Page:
* actually better, becuase there are plenty of reasons that an F-35 carrier will want to be elsewhere from the missile shooters. Air and Missile defense assets want to be posted up the threat axis, for example, and you don't necessarily want your cruise missile shooters to be co-located with the carrier, because launching missiles could interfere with flight operations.
 
According to the Global Security web site the US Navy studied the following:

Another cruiser alternative studied in the late 1980s was variously entitled a Mission Essential Unit (MEU) or CG V/STOL. In a return to the thoughts of the independent operations cruiser-carriers of the 1930s and the Russian Kiev class, the ship was fitted with a hangar, elevators and a flight deck. The mission systems were Aegis, SQS-53 sonar, 12 SV-22 ASW aircraft and 200 VLS cells. The resulting ship had a waterline length of 700 feet, a waterline beam of 97 feet, and a displacement of about 25,000 tons.

http://www.globalsecurity.org/military/systems/ship/cruiser-cold-war.htm
Mission Essential Unit (MEU) is great moniker because w/o some sizeable combatant like a Cruiser/Carrier ie CG V/TOL you wont have what is essential for a mission accomplish and you essentially will not be able to accomplish most maritime missions.

W/o a large budgets, we might well start speaking Chinese at this point. Time is up as the saying goes. Retention of USN ranks needs quite an expensive overhaul yes, as a start.

"In a return to the thoughts of the independent operations cruiser-carriers of the 1930s and the Russian Kiev class, the ship was fitted with a hangar, elevators and a flight deck." is exactly right. Carriers should carrying a 6th Gen A-12 (flying taco) stealth fighters (larger internal bay) bombers to make carrier worth paying for. Carriers and Cruiser/Carriers protected by close defensive and far offensive large sub/surface unmanned combatants (potentially attritable) would be far better than the arbitrary industrail complex of destroyers, frigates, and crusiers. LCS is for permissive environments.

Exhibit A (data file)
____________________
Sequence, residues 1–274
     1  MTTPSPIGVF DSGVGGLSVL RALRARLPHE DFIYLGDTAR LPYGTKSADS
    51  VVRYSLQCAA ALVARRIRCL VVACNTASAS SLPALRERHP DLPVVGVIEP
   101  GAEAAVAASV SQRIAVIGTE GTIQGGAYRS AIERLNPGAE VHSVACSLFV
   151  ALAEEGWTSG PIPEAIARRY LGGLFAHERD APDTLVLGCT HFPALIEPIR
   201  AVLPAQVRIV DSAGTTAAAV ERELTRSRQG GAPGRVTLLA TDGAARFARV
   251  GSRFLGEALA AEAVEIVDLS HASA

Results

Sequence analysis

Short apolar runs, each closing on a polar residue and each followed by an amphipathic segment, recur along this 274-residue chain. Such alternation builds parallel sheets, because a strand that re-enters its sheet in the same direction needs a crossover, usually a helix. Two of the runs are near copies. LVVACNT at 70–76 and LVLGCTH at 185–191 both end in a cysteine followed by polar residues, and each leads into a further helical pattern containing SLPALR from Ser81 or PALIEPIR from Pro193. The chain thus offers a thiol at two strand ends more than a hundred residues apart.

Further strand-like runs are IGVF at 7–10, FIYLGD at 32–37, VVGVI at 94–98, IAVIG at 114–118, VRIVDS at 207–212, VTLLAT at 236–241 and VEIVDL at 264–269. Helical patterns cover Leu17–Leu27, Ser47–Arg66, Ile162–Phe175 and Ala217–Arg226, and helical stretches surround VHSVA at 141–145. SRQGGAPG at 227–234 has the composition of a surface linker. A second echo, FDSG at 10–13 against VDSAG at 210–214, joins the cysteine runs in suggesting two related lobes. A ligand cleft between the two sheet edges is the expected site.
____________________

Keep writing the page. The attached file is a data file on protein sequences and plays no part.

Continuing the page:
The idea for combatants need low RCS given an adversary's access to sensor data in the 21st century is preposterous. A Heavy Combatants Cruiser/Carriers location will be known and that is the point.

There are not near enough VLS to sustain any real fight in the Pacific. Minus multiple 200+ VLS ships also equipt w/ Vertical guns and even, as it turns out, vertical missile launching EM guns (as developedt by LockMart some time ago) there is little chance of even surviving a Pac fight.

If we can't deconflict and synergize F-35 and various missiles including Cruise missiles we are already finished.

A CG V/TOL ship protected from decent anti-torpedo system (?) and multiple DEW (including restarted PBW tech) must be available to present too many variables for an adversary's C2 to manage. An extremely difficult offense renders a defense helpless. like football.

..will continue advocate a speedy nuclear powered Heavy Combatant (well within available material tech availale as a solution to traditional speed concerns, ie Nukes and material science "are magic" if there is the will. There is a lot BS being pushed by lazy bureaucrats.

Nukes could also power the proposed EM hull armor. Between PBWs and EM Hull armor nothing gets in.